By Nathan Foreman
If you frequent Kum & Go between 10 p.m. and 2 a.m., you have probably met David McIntyre at the checkout register—he’s the one with the beard and the big smile. You may have spoken with him about your night, or the weather, or the delicious tornado you’re about to devour. What you probably didn’t talk about, however, was his time spent in Japan, his conversion to Buddhism or his experiences organizing labor unions.
David McIntyre went to Schreiner College in Texas, where he majored in Political Science with concentrations in Political Philosophy and International Relations. During his third year he studied abroad in Nagasaki, Japan. After graduating, McIntyre decided to return to Japan.
“I didn’t feel like I was finished. I originally intended to go back for a few years and then come back for graduate school,” McIntyre said. “After a couple years, I felt like I really didn’t want to go back…and eventually that turned into 19 years.”
McIntyre lived in Niigata and Osaka, where he worked as a conversational English teacher. During his time in Osaka, he converted to Buddhism.
“Buddhist practice is really in how you live your life,” McIntyre said. “You try to live your life according to the precepts. Without going into it too much, you try to live your life in a good way. The practice of Buddhism is in trying to follow the eight-fold path. Boiled down, be good to people, be mindful, sit down and think—that’s where meditation comes in.”
While working as a language teacher, McInyre found himself becoming involved in labor unions. After some years of practice, he worked his way up to the office of executive officer. He recalls a story about a particularly memorable demonstration.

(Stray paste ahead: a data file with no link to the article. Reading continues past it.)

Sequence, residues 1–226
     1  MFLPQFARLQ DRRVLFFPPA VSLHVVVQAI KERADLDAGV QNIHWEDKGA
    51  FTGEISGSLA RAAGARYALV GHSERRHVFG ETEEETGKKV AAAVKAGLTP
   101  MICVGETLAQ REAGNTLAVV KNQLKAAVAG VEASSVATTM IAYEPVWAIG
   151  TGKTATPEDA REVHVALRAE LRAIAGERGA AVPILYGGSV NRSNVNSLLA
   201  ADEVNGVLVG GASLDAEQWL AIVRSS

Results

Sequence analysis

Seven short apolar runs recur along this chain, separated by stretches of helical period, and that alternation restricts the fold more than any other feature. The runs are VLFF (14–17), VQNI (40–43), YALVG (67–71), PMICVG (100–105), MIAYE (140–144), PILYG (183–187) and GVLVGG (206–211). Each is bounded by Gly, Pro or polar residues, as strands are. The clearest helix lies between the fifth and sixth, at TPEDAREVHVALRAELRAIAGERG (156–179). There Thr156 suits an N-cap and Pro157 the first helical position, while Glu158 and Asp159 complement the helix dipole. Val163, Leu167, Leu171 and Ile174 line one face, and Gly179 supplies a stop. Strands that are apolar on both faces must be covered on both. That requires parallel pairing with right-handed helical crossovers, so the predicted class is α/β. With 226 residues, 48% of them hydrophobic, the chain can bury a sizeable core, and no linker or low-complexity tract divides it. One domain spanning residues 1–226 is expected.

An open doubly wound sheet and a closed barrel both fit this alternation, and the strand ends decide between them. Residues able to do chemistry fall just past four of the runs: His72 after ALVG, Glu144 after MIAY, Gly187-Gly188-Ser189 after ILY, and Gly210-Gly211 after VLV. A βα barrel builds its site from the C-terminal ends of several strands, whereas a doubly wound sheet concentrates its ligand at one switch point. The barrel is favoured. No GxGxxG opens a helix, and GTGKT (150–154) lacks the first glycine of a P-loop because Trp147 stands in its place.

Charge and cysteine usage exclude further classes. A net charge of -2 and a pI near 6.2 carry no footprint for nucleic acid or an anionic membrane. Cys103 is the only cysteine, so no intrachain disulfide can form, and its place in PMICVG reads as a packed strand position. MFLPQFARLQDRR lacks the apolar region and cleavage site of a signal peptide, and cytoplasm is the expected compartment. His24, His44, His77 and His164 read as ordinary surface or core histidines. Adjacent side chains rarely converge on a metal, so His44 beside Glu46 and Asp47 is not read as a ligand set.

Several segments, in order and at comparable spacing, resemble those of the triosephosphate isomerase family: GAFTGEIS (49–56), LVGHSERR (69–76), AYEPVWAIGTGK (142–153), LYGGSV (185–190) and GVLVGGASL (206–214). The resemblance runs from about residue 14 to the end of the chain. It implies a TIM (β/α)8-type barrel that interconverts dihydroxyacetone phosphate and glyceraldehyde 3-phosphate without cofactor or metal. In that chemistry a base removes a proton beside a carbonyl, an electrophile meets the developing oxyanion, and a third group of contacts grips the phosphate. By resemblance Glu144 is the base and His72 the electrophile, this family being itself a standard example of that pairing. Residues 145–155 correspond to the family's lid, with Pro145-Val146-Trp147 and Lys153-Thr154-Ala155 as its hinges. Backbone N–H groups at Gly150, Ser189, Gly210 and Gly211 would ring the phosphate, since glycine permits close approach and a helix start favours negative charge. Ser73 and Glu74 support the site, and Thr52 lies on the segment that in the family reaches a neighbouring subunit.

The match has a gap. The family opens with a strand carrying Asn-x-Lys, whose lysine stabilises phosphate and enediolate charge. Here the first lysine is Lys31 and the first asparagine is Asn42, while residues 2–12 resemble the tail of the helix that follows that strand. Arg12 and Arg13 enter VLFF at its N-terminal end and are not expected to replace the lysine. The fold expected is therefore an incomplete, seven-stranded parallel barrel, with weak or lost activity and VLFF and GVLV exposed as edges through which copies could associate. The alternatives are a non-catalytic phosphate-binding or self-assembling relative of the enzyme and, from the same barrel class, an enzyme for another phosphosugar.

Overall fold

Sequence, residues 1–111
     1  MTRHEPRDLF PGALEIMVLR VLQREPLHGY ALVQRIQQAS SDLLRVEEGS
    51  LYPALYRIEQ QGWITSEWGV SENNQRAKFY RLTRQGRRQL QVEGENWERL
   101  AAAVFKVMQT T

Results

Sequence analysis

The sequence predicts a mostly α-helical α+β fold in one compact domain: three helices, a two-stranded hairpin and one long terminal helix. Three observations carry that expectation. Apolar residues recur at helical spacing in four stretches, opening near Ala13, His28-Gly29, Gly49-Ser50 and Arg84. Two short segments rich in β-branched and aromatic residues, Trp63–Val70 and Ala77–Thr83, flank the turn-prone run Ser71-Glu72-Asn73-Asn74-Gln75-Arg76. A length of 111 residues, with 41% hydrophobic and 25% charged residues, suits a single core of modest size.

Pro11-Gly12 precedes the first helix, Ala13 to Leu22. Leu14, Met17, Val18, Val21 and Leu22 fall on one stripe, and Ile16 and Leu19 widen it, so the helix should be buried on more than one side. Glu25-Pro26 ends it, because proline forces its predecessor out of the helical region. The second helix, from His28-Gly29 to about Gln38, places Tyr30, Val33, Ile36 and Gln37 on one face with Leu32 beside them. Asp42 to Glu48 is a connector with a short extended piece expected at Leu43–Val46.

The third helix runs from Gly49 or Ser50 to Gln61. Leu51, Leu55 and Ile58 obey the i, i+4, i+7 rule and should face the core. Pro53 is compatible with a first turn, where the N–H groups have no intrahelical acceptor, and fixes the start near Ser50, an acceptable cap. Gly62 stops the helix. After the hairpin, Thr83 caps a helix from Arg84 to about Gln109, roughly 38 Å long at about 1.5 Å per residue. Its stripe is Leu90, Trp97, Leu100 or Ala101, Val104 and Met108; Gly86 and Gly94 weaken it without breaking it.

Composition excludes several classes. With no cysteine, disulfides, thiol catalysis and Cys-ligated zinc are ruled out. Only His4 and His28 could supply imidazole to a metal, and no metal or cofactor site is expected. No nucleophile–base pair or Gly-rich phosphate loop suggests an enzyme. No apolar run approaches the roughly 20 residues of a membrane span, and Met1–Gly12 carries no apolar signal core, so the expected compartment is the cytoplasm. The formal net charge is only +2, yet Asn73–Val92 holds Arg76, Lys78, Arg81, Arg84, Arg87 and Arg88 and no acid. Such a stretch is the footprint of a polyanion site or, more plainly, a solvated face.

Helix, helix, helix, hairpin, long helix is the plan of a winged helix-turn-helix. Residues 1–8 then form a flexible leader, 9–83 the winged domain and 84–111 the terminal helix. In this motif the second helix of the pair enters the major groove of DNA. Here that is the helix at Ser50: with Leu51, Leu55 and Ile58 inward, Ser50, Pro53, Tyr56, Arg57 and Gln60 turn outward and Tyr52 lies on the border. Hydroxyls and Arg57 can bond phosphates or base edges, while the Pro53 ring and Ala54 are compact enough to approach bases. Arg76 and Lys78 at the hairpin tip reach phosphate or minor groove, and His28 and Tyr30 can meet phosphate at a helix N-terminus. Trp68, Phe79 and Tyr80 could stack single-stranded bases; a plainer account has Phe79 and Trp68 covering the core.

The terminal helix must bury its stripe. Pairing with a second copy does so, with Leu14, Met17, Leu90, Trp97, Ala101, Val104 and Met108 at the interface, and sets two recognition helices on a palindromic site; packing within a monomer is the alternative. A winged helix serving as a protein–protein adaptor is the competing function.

“We had a big demonstration, three courses, or actions… The lunch course was a demonstration at the Governor’s office over unfair teacher’s dismissals,” McIntyre said. “We were sitting there demonstrating outside the Board of Education office. We had a megaphone, posters [and] we had a young Japanese guy who was a real firebrand. He got up there, making a speech in Japanese, and all the sudden he says ‘Let’s go’ and then we run into the office. We ran upstairs and occupied the Board of Education offices, we had other actions to go to, but we were up there for about two hours, yelling at the bureaucrats: ‘What are you doing? Why aren’t you doing the right thing?!’”
In Grinnell, McIntyre has remained politically involved as a member of the Iowa and Poweshiek County Democrats. He has served as a delegate in county, district, and state conventions and represents Ward 3 on the Poweshiek County platform committee. McIntyre was passionate about addressing two specific issues in this year’s platform—campaign finance and war crimes prosecution.
“The first thing is to get rid of Citizens United; it’s a corrupting influence,” McIntyre said. “Second, [my suggestion is that] investigations into war crimes committed under Bush and current administrations [need to occur]. We hanged people for waterboarding in the aftermath of World War II, and then we turn around and do it ourselves.”
After living in Japan for nearly two decades, McIntyre decided to return to the United States to spend more time with his family.
“Nineteen years is a long time and I knew I wasn’t going to live there forever,” McIntyre said. “I was getting to an age where if I was going to move back I would have to do so soon. My folks were getting old, and it’s really hard to not get to see your family regularly. I have two nephews who I wanted to see more.”
Despite the socioeconomic differences between living in a large city in Japan and a small city in Iowa, McIntyre has acclimated to Grinnell and enjoys living here.
“The transition has been very interesting,” McIntyre said. “Osaka, where I spent most of my time, has a population of 8 million people. There’s not all the conveniences that I’m used to, but I can walk anywhere in town.”
Living in Japan has given McIntyre a unique perspective on the human condition.
“One of the biggest things I learned was that cultural differences are really superficial; people are people,” McIntyre said.